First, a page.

WATERLOO — Sam Tudor was just looking forward to competing when he stepped outside Waterloo West’s hallways and onto the Hi Covey Relays track in Ames during a rare, picture-perfect Thursday afternoon.
Last week, West High’s senior sprinter ended up serving notice that he’s found the speed to run with the state’s elite. Tudor broke 22 seconds in the open 200 and even stunned himself by clocking sub-11 in the 100 with times of 21.99 and 10.93, respectively, that rank among Iowa’s top five this spring.
“Honestly, I never thought I’d break 11,” said Tudor, who can recall running only three competitive open 100s prior to his senior year. “I felt like under 22, I might do it a little later in the season, but it was definitely a big accomplishment for me.”
Always quick out of the blocks, Tudor has played major roles within West’s sprint relays in recent years. He was the lone junior among a quartet of three seniors that captured Class 4A’s state title in the 4x200 by defeating a Western Dubuque team that edged them for the championship previously at Drake.
A returning sixth-place finisher in 4A’s open 400, Tudor also helped West get off to a strong start during its runner-up effort to Cedar Falls in the 4x400 relay that capped the state meet.
“He’s kind of finding a different role now,” West coach Matt Mostek said of his team captain. “Last year he had the best starts out of everybody, even those veteran guys. We’d trust him running that first leg because we knew he was going to get us a really good start and get us in the race from the get-go.”
Tudor, who has also competed in cross country the past two seasons to stay in shape, has developed into a dedicated runner. He’s a consistent presence for a student-led Polar Bear training club for track athletes who don’t compete in a winter sport.
The group spends the four winter months training inside West’s hallways in addition to investing time in the weight room. A stretch of hallway about 150 yards long has allowed sprinters to get up to speed before official workouts even begin.
Tudor is now passing down lessons he’s learned working alongside last year’s seniors — including open 200-meter champion Tayshaun Cooper — to a youthful team in which more than 60 percent of the roster is in its first season of high school competition.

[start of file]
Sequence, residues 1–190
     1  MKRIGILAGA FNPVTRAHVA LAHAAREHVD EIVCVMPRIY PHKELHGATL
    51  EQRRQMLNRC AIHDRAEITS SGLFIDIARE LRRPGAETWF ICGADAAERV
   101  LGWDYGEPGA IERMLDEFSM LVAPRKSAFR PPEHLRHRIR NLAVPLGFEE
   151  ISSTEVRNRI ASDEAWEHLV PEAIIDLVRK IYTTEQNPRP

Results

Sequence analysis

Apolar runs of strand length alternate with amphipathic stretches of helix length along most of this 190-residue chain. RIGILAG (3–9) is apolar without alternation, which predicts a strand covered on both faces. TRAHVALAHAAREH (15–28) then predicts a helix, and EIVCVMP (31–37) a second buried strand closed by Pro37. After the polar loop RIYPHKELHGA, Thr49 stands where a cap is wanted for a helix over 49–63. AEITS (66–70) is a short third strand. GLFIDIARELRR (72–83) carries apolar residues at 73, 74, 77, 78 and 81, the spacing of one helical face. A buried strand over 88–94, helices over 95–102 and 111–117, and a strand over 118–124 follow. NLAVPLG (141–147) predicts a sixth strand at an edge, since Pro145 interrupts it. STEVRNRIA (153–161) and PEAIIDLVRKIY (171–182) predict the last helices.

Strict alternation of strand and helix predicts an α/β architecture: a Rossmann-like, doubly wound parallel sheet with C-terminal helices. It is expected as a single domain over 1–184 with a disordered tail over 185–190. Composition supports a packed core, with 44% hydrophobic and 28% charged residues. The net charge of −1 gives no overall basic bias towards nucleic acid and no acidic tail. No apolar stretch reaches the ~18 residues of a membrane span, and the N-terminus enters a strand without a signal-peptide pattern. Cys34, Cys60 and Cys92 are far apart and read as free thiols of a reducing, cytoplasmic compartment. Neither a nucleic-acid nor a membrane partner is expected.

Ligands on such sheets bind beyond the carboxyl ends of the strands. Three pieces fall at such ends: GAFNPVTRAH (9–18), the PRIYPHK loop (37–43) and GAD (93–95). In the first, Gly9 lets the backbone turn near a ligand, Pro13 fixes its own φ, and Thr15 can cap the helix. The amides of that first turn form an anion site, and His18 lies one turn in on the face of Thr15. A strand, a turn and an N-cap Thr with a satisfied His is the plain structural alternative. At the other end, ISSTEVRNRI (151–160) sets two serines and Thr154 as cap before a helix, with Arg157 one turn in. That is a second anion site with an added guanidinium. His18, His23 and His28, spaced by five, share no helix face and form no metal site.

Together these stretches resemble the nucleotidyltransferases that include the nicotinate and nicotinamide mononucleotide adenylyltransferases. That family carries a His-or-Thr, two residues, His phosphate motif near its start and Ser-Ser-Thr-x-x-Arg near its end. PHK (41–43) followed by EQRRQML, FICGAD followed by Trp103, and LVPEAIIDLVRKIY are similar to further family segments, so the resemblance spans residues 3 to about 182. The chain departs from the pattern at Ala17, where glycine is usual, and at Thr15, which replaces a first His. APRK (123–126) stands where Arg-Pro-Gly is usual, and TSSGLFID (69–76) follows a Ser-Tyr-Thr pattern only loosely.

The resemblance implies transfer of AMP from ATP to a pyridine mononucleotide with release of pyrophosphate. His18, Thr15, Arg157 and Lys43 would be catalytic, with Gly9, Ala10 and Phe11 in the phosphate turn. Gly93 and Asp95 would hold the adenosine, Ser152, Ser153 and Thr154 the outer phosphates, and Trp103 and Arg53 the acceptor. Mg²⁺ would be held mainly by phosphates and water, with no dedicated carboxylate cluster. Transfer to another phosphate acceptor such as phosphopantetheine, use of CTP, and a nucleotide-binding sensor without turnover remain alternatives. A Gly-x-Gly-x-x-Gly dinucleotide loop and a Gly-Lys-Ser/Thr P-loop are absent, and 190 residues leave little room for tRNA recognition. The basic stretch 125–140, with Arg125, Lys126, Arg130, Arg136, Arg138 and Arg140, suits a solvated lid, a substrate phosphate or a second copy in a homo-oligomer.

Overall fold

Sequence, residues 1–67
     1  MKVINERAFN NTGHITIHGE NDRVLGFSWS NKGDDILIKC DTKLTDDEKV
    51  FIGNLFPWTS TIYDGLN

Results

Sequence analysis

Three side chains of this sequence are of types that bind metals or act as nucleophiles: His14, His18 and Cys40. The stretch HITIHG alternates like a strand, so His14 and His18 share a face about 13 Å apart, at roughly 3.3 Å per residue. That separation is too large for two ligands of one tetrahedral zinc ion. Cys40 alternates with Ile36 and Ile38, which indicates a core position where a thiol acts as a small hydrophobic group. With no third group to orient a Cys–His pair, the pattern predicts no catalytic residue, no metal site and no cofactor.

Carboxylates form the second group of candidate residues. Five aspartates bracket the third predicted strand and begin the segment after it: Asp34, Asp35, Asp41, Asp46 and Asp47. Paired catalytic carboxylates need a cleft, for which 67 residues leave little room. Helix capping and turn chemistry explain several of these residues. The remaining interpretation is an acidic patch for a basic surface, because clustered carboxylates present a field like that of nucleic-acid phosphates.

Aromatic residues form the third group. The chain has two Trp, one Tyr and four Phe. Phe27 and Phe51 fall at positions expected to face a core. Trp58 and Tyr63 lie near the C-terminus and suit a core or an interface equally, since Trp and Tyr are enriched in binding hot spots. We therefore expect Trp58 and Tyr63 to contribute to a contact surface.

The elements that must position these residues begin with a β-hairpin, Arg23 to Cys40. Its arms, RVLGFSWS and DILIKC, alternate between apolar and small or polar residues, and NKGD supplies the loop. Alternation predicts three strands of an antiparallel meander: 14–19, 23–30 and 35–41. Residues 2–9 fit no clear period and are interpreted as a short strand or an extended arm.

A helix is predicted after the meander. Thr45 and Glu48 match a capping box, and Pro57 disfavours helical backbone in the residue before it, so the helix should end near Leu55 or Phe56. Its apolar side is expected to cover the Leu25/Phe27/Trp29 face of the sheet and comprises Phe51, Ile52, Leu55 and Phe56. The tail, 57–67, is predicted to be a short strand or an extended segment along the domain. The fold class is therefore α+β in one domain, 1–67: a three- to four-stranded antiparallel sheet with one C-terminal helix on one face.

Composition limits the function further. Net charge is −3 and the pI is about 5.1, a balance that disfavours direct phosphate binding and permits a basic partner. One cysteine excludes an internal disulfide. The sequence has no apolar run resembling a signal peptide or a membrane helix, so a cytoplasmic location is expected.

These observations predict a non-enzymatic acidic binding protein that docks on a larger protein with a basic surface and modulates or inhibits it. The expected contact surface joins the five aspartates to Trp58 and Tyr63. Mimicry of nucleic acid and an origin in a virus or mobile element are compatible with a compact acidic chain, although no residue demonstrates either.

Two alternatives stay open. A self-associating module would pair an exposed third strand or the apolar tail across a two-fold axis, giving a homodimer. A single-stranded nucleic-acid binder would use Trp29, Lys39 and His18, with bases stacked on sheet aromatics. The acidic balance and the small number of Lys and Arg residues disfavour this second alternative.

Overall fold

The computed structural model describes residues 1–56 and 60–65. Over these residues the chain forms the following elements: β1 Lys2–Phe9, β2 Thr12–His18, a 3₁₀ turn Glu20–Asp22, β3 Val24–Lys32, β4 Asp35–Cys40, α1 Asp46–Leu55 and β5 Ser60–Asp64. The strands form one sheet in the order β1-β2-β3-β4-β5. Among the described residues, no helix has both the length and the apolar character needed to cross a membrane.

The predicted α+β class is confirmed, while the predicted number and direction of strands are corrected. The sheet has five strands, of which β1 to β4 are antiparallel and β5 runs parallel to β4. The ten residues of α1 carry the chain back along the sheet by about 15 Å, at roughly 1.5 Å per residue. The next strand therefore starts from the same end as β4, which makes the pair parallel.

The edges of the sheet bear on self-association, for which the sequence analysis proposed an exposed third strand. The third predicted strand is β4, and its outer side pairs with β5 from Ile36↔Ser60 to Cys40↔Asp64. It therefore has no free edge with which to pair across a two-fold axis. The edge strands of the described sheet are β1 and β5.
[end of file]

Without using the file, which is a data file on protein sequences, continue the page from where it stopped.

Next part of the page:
“I value his input so much, I’ll run things by him and see what he thinks,” Mostek said. “We talk about training all the time. He always asks if there’s anything extra he can be doing.
“He cares so much, he doesn’t want just success for him. He wants success for our whole team. He knows how good a freshman and sophomore class that we have. He’s really try to show them everything that he can.”
First inspired to give track a shot by his dad, John Tudor, who ran for Ankeny High School, Sam Tudor admits he didn’t develop a passion for the sport until making a trip to the Drake Relays his freshman year as a relay alternate.
“It was 40-some degrees and it wasn’t sunny, so it was pretty miserable,” Tudor recalls, reflecting on his first trip to the blue oval. “There were still thousands of people there to just watch track. I was in awe how fast people were running, how many people were there to watch them. It just kind of had me shocked.”
Currently tied for the state’s fourth-fastest time in the 100, Tudor says it would be a thrill to find himself in that event final at next week’s Drake Relays.
“I remember watching my sophomore year when Tayshaun was in it,” Tudor said. “I had chills watching it. Just being there would be cool.”
A versatile sprinter who has run everything from the 100 to 800 in competition this season, Tudor is driven to continue his career at the collegiate level. He’s once again out of the blocks fast this senior season.
“The fact that’s he had quick success in the 100 is just another testament to his training and dedication,” Mostek said. “Even though it’s a race that he’s not really done much in the past, he still shows that he can work hard and achieve.”